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When misreading becomes law

The Victorian-era Indian Penal Code created the legal category of ‘unnatural offences’.

Published: December 12, 2013 3:32 am

Madhavi Menon

The Victorian-era Indian Penal Code created the legal category of ‘unnatural offences’.

It is shocking that the Supreme Court has moved in a direction that ensures less,rather than more,safety to a significant portion of the country’s population. It is equally shocking that the “final” decision on whether this country can outlaw homosexuality or not has been left to Parliament. Several measures can and will be taken to counter this judgment. Two that urgently need to be considered are as follows.

Both the Delhi High Court’s ruling in 2009 and the SC’s ruling yesterday are based on two fundamental misreadings that have allowed Victorian morality to become the law of the land. First,sexual acts “against the order of nature” do not necessarily mean gay sex. And second,anal sex cannot be identified only with homosexuality.

In July 2009,the Delhi High Court ruled that Section 377 of the Indian Penal Code could no longer be used to criminalise consensual sex between adult men and women. Titled “Unnatural Offences”,the section that was read down states: “Whoever voluntarily has carnal intercourse against the order of nature with any man,woman or animal,shall be punished with imprisonment for life,or with imprisonment of either description for a term which may extend to 10 years,and shall also be liable to fine.” The marginal explanation clarifies that “[penetration is sufficient to constitute the carnal intercourse necessary to the offence described in this section.” Even though the section technically covers heterosexual non-reproductive sex as well,in practice it has mostly been used as a tool with which to harass gay men. And though no one has been sentenced to life imprisonment on its basis since Independence,it has nonetheless retained its power to demonise anal sex,and also influence the public misperception that anal sex is an exclusively gay male act. These are both cases of gross misreading. “Acts against the order of nature” cannot be understood to refer to homosexuality alone,and anal sex is not an exclusively gay male phenomenon. No one seems to have considered the possibility that people,no matter what their sexual orientation,engage in multiple forms of sexual activity at different points in time.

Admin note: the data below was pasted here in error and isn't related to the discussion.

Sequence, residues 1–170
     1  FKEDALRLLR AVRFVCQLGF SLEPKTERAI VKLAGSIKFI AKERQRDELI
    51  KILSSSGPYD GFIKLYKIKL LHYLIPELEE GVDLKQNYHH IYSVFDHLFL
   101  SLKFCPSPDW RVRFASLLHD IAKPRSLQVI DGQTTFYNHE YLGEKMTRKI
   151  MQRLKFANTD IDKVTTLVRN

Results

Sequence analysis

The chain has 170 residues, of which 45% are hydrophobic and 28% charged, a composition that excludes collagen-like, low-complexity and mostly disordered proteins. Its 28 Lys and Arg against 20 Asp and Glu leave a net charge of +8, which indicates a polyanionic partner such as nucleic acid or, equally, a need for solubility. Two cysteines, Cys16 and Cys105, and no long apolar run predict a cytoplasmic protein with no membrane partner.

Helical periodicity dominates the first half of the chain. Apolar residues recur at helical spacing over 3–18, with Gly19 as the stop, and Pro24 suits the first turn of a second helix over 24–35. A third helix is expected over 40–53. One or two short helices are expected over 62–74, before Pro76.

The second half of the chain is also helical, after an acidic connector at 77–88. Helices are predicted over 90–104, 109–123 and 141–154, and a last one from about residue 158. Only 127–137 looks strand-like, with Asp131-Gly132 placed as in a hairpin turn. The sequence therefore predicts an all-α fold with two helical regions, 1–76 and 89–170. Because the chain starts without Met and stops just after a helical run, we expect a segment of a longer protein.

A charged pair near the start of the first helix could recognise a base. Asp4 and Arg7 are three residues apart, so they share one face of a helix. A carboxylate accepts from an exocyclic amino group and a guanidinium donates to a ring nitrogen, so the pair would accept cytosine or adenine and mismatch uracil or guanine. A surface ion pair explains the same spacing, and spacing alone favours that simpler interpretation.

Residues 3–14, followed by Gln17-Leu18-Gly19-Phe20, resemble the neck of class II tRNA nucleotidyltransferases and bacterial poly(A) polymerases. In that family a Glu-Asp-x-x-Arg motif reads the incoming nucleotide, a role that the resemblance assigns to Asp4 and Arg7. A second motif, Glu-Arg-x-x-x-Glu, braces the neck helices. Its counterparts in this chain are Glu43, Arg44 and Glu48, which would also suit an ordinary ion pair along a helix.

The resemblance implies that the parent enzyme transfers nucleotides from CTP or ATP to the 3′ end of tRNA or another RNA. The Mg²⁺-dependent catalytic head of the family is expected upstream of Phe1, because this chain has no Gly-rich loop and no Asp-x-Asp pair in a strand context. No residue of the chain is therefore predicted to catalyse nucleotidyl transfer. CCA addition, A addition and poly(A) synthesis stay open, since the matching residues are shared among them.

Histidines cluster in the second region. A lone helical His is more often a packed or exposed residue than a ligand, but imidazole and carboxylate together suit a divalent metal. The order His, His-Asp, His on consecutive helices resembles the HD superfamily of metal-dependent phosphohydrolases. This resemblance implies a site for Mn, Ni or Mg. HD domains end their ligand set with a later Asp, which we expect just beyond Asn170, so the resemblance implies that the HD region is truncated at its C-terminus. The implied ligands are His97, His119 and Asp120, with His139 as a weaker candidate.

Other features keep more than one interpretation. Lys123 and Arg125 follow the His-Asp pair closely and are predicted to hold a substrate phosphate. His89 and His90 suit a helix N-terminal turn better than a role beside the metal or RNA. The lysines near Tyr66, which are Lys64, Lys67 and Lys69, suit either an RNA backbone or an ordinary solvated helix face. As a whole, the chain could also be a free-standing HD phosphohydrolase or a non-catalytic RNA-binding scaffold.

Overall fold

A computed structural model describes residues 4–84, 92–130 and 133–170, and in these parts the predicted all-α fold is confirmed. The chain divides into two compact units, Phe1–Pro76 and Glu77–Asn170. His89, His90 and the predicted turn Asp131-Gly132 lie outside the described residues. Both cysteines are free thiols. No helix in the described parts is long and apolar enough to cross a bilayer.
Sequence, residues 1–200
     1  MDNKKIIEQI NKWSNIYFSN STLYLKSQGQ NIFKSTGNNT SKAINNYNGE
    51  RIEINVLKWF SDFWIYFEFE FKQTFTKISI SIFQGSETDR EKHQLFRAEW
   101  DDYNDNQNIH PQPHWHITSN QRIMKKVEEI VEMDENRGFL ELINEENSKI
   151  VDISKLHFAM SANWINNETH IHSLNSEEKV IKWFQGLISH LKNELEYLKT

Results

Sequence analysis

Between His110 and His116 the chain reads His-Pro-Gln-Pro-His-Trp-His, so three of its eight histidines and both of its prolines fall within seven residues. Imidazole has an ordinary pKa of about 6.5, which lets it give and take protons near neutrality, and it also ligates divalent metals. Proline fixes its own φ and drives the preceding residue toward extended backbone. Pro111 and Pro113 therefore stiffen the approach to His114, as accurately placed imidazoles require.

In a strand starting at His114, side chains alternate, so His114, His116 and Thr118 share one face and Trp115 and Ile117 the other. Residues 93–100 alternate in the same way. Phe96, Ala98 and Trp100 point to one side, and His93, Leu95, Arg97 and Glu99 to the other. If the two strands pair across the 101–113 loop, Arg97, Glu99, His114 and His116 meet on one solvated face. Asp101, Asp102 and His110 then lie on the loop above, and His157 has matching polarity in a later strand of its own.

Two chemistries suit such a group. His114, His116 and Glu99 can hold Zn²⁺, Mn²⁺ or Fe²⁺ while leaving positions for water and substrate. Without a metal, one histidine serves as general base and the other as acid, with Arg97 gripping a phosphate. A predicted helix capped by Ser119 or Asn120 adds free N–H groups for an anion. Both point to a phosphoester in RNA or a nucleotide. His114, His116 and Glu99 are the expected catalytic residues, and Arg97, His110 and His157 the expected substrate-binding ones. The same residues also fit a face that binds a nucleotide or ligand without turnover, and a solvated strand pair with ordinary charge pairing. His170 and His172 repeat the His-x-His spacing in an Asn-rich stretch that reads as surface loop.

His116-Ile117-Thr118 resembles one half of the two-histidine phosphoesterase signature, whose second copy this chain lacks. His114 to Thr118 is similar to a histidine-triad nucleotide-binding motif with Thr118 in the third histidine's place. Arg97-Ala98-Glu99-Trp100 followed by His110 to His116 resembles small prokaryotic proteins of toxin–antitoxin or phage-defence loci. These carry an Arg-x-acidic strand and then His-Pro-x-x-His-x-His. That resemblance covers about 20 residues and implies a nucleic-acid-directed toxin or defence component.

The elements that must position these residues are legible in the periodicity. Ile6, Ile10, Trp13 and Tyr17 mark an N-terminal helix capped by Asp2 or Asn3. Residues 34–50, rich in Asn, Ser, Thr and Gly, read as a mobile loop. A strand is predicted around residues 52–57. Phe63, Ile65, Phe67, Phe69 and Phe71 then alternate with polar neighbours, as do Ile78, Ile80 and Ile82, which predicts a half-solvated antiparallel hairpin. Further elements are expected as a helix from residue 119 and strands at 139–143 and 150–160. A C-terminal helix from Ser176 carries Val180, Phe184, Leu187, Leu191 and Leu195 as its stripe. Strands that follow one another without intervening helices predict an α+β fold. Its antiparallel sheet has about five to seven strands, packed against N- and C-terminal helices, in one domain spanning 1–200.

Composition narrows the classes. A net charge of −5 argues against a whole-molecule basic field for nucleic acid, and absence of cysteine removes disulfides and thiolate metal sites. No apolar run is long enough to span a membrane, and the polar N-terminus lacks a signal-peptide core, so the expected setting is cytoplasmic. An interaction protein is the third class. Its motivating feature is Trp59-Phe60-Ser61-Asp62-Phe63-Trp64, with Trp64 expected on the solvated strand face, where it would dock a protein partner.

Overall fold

But the high court judgment also did something interesting that should allow us to take the fight forward,not on the basis of a liberal understanding of rights — that is,we should all have them — but on the basis of analytical reading. In support of its decision to read down Section 377,the high court judges noted that: “in 1860 when we got the Indian Penal Code,which was drafted by Lord Macaulay,they inserted s.377 in the Indian Penal Code,which brought in the concept of ‘sexual offences against the order of nature’. Now in India we didn’t have this concept of something being ‘against the order of nature’. It was essentially a Western concept which has remained over the years. Now homosexuality as such is not defined in the Indian Penal Code,and it will be a matter of great argument whether it’s ‘against the order of nature’.”

The judgment states,quite startlingly,that homosexuality as such is not defined anywhere in the IPC. Nor,it adds,was there a concept of a category of sexuality “against the order of nature” in India before the enactment of the IPC. The import of this assertion is that the law,according to the deposition cited by the Delhi High Court,created homosexuality where it did not exist before. And it continued to create it in order to have a category to penalise and harass. Such a realisation,though not articulated as such by the court,has startling reverberations. Is it the law that creates sexuality? If sexuality is purely or largely a legal construction,then the court is caught in a bind: if it reads down a particular interpretation of Section 377,then does it also get rid of sexual identity? It is this,more radical,understanding of the 377 judgment,brought up in the case filed by the Naz Foundation,which needs to be teased out in order to develop an anti-colonial understanding of sexuality. Let us use in our favour the Victorian squeamishness that prevented the naming of homosexuality even in the framing of the law.

We have to highlight these two misreadings of Section 377 because they allow us to ask how homosexuality came to be the recipient of the law in the first place. No police office or court in this country must henceforth be able to penalise gay men on the basis of Section 377: homophobia is simply not written into law.

The writer is professor of English at Ashoka University and has published books on queer theory.

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